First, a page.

Content Protection for Removable Media (CPRM)

Content Protection for Removable Media (CPRM) is a hardware-based technology designed to enforce copy protection restrictions through built-in mechanisms in storage media that would prevent unauthorized file copying.

Based on a technology called broadcast encryption that was developed by Amos Fiat and Moni Naar in 1993, the CPRM system would be used to incorporate digital tags into storage media, such as recordable CDs (CD-R, CD-RW) and flash memory cards for MP3 players.

CPRM was developed by 4C Entity, an industry consortium originally made up of Intel, IBM, Matsushita, and Toshiba. The system has been highly controversial, because it could be used not only with removable media, but as a part of every new hard drive produced as well. Technical Committee T13 (a coalition of companies that produce both flash memory and hard drives) considered adopting CPRM as an industry standard, but has since given approval to an alternative plan in development at Phoenix Technologies that would be used for other purposes - such as security mechanisms on removable media - in addition to copy protection.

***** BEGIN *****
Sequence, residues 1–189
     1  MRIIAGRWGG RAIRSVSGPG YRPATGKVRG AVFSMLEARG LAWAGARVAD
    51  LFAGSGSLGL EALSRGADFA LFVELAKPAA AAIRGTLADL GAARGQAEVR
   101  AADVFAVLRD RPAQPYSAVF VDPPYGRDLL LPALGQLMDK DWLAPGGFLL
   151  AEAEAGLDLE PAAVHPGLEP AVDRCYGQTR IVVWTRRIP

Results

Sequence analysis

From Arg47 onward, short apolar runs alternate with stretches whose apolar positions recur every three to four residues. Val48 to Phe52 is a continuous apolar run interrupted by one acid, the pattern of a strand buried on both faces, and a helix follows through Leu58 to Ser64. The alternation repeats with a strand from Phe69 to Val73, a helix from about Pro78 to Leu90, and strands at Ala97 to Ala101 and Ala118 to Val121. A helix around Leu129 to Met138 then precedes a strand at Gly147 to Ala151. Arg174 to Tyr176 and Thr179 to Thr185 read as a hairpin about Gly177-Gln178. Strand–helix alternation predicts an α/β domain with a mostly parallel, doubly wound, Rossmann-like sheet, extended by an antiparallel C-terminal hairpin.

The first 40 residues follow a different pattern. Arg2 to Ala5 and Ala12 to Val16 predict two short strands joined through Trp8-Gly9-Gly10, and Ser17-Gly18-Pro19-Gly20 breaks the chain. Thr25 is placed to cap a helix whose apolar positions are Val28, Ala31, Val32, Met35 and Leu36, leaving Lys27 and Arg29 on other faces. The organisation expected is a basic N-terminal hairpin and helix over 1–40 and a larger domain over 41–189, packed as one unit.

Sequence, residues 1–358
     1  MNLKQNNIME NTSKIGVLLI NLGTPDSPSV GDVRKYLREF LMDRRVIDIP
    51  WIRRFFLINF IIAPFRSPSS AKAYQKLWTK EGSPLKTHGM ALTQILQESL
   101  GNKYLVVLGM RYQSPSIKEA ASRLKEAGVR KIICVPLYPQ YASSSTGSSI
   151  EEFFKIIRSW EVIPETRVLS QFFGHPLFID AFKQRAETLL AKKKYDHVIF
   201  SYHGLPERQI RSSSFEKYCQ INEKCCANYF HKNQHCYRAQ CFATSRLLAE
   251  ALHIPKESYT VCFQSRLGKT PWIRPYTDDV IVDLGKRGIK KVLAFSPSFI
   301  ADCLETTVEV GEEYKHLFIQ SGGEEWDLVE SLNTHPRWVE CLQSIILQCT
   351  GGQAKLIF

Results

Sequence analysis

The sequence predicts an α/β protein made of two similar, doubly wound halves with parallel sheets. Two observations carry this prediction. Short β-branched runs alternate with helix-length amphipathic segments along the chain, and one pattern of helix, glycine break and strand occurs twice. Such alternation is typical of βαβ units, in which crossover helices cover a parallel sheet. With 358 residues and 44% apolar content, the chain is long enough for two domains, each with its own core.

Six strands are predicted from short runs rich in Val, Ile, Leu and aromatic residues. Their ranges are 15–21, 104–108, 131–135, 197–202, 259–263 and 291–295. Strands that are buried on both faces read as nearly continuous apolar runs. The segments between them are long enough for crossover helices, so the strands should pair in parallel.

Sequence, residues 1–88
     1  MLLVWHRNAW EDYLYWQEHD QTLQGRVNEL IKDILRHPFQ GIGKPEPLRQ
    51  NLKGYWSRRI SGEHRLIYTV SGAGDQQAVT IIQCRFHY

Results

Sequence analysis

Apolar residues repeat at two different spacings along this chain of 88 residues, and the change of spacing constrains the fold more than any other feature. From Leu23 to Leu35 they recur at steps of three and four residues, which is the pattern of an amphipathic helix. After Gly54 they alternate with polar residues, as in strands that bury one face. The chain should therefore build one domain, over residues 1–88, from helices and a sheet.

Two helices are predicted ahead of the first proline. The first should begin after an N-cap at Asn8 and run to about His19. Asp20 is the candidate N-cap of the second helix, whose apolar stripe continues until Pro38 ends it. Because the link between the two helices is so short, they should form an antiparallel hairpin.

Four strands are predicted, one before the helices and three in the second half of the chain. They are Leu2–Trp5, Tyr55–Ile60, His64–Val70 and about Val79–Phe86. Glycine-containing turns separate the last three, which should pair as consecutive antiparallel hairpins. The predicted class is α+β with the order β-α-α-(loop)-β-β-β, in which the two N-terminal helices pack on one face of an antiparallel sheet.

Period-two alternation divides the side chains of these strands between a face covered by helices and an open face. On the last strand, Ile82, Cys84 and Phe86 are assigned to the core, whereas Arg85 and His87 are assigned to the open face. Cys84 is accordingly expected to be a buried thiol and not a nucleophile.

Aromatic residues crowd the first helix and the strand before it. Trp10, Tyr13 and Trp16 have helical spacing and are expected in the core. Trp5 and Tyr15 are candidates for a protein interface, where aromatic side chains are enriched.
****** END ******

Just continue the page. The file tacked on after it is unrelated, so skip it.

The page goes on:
This was last updated in September 2005

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